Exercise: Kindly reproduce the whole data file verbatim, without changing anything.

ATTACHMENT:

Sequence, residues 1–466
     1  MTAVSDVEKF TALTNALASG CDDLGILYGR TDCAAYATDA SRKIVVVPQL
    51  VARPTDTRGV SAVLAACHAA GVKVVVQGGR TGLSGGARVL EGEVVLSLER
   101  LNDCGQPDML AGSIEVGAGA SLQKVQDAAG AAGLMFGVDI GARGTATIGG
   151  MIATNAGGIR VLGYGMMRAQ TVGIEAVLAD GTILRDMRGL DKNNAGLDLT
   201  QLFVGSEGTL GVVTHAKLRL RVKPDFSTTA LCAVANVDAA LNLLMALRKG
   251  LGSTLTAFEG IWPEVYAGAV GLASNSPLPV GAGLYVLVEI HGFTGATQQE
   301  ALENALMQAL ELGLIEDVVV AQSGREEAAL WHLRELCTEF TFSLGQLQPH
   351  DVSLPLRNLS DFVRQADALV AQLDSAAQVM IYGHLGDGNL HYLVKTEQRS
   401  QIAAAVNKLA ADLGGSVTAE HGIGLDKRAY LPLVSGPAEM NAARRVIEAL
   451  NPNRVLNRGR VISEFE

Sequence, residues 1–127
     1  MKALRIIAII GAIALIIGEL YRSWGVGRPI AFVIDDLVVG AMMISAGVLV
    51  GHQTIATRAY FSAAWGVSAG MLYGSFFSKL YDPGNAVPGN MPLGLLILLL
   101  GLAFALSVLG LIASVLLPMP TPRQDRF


Sequence, residues 1–466
     1  MTAVSDVEKF TALTNALASG CDDLGILYGR TDCAAYATDA SRKIVVVPQL
    51  VARPTDTRGV SAVLAACHAA GVKVVVQGGR TGLSGGARVL EGEVVLSLER
   101  LNDCGQPDML AGSIEVGAGA SLQKVQDAAG AAGLMFGVDI GARGTATIGG
   151  MIATNAGGIR VLGYGMMRAQ TVGIEAVLAD GTILRDMRGL DKNNAGLDLT
   201  QLFVGSEGTL GVVTHAKLRL RVKPDFSTTA LCAVANVDAA LNLLMALRKG
   251  LGSTLTAFEG IWPEVYAGAV GLASNSPLPV GAGLYVLVEI HGFTGATQQE
   301  ALENALMQAL ELGLIEDVVV AQSGREEAAL WHLRELCTEF TFSLGQLQPH
   351  DVSLPLRNLS DFVRQADALV AQLDSAAQVM IYGHLGDGNL HYLVKTEQRS
   401  QIAAAVNKLA ADLGGSVTAE HGIGLDKRAY LPLVSGPAEM NAARRVIEAL
   451  NPNRVLNRGR VISEFE

Sequence, residues 1–127
     1  MKALRIIAII GAIALIIGEL YRSWGVGRPI AFVIDDLVVG AMMISAGVLV
    51  GHQTIATRAY FSAAWGVSAG MLYGSFFSKL YDPGNAVPGN MPLGLLILLL
   101  GLAFALSVLG LIASVLLPMP TPRQDRF